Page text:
Am I ‘parenting’ right?

Growing up with strict parents is perhaps the most common experience of our childhood. We had curfews and strict deadlines. And violating those deadlines meant more deadlines, isn’t it? However, times have changed and so has the style of parenting. Parenting has been evolving and adapting to the needs and the wants of the current generation.

But what really classifies as good parenting and is there something like “bad” parenting? Parenting is an ongoing process and requires certain tweaks along the way. We agree that some of the old methods of parenting are now obsolete and require a change. Nevertheless, in the recent past, we have seen a whole new side of parenting – The anxiety, the overprotectiveness and, the constant fear.

Most parents of today get easily frenzied and immediately shift gear to their emergency mode. These parents of today are always hovering over their little ones like honey bees. We have come across parents who get agitated over their child’s absolutely normal behaviour.

If you were to draw a comparison between our times and the parenting today, we notice a striking difference. As kids, we enjoyed a carefree childhood- playing in the mud without worrying about the bacteria and the germs it held. We had our knees bruised without having to rush to a doctor for it!

There’s no form of parenting that can be classified as bad parenting. But what the parents of today need to understand is that it’s okay to let go once in awhile. They should realize that it’s okay if their child catches a common cold or he fails his tests once or twice. They should understand that it is fine if they do not meet all their child’s demands. It’s okay if the child makes mistakes. In fact, it’s better for his own growth. In the formative phase of a child’s growth, over indulgence and pampering will only hamper his overall progress. Imposing too many DO’s and DON’Ts will inhibit your child from thinking outside the box.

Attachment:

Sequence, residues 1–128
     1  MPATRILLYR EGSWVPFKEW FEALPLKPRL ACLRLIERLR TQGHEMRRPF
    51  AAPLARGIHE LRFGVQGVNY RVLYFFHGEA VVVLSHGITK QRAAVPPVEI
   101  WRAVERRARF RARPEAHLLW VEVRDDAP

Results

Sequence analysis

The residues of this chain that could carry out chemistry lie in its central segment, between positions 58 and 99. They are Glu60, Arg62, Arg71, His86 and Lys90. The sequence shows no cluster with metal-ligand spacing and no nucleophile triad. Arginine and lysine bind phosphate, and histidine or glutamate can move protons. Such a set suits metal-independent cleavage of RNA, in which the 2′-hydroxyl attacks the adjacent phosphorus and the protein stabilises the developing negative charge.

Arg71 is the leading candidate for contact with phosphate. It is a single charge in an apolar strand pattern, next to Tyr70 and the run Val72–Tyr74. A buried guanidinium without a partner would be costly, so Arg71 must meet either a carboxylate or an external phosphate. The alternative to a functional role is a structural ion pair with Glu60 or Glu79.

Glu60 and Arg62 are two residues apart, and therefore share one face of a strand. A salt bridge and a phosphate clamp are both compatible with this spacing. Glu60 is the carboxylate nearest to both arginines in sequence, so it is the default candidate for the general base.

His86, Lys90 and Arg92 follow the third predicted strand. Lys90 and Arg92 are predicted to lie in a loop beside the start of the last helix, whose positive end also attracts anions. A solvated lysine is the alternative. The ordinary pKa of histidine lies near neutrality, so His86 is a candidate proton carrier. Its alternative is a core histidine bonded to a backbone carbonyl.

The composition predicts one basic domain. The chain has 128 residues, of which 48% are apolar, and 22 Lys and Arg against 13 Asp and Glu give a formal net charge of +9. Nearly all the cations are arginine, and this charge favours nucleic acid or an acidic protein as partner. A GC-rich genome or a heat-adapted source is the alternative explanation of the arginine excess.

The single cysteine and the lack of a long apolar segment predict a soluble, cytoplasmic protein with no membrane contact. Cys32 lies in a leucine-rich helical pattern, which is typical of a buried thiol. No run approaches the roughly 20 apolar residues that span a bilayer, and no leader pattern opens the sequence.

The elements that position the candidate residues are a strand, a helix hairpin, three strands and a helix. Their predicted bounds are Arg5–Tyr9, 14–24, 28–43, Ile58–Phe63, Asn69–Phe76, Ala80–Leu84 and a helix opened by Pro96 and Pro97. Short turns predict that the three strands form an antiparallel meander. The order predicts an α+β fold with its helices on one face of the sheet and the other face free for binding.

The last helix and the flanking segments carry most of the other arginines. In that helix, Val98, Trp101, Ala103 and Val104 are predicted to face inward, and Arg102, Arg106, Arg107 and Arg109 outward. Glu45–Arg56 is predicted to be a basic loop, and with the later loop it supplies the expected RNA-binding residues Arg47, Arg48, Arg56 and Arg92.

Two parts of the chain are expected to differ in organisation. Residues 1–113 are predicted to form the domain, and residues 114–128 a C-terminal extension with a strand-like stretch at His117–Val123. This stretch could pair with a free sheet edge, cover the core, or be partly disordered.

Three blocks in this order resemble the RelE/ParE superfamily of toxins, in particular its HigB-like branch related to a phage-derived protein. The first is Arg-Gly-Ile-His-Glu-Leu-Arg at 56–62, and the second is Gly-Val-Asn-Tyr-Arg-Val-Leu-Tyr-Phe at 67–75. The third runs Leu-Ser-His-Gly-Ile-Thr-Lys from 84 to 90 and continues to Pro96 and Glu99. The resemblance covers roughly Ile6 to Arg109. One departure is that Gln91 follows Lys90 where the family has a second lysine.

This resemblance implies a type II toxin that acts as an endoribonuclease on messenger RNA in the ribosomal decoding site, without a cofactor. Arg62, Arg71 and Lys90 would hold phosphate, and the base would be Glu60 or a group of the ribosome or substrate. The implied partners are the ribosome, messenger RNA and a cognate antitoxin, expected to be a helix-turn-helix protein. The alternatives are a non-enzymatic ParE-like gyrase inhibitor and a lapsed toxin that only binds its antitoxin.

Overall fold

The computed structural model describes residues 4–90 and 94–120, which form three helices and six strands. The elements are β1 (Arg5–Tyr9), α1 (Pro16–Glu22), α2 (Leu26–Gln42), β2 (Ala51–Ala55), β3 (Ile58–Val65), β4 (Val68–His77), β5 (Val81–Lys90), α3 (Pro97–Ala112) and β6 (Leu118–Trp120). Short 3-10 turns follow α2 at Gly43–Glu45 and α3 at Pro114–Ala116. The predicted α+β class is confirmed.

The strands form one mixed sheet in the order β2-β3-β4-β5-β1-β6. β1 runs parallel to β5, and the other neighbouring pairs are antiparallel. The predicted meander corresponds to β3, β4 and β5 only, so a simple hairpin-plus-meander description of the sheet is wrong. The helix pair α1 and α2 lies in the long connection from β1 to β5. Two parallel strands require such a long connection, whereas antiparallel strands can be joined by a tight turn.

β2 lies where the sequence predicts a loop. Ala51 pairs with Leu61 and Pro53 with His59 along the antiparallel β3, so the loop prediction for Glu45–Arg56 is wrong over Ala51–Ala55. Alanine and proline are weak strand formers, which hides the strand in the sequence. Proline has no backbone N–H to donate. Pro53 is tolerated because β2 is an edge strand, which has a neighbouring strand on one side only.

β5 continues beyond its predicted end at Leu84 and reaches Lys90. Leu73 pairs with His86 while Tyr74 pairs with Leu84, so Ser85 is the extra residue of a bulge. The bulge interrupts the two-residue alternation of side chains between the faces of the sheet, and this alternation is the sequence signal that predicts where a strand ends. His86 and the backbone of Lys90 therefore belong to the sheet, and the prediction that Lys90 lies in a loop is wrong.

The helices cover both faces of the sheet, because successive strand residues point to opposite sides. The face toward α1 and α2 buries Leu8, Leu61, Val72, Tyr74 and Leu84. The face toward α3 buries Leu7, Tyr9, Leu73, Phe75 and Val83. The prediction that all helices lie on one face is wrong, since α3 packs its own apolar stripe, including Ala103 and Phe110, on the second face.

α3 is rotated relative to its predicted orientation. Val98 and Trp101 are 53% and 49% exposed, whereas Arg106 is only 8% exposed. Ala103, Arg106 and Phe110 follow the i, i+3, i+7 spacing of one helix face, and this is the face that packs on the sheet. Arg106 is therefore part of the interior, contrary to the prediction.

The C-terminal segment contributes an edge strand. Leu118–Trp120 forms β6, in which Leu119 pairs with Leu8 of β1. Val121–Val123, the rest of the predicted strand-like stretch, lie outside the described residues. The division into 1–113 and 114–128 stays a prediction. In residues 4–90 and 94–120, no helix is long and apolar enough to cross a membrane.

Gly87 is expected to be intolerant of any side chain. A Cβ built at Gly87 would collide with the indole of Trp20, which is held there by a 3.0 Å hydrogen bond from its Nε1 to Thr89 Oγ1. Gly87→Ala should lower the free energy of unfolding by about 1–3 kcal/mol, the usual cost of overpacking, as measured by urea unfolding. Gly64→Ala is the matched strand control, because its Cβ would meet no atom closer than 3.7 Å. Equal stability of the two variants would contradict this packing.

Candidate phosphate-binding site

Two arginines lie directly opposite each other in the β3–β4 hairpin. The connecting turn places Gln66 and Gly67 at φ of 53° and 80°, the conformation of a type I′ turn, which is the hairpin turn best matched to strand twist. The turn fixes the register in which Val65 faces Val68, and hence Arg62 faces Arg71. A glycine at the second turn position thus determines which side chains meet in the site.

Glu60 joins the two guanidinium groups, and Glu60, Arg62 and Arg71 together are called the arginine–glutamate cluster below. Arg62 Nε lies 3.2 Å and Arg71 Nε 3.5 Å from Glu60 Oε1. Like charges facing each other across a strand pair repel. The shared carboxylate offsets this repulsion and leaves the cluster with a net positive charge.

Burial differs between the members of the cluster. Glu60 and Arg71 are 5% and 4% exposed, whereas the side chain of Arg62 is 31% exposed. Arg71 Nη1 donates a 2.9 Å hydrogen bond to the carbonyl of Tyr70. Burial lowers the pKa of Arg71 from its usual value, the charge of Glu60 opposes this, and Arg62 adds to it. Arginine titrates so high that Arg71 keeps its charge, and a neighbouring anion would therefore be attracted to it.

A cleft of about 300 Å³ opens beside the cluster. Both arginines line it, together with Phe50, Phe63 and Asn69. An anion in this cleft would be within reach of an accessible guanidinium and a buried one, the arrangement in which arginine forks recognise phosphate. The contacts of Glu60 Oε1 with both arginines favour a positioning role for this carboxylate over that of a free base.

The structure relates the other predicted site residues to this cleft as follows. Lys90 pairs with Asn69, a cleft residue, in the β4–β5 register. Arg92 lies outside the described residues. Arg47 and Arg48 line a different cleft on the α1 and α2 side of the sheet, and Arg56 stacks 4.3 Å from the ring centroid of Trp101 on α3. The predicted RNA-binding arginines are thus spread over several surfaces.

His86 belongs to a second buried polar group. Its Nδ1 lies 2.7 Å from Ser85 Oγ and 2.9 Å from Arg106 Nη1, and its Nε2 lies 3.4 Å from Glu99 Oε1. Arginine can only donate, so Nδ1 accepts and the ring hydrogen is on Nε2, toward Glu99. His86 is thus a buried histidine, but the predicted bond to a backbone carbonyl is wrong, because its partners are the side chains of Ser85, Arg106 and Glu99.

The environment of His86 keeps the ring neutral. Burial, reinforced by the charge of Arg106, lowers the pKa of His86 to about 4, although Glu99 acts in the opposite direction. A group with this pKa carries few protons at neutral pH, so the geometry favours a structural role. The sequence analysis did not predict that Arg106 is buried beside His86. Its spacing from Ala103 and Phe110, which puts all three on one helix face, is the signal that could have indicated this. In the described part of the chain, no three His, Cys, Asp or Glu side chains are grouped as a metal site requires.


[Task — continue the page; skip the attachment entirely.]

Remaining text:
Dear parents of today, who are constantly worrying about their child come hell or high water, take a step back. Give your relationship with your child some room to breathe. Stop smothering your kids or mollycoddling them. Give your children the benefit of their age and believe us, all this is simply a part of growing up. Let your little ones be silly, laugh at their own mistakes and learn from them. After all, their childhood will be their most cherished memory of growing up.

– Seema Agarwal, Clinical Psychologist, iThrive.

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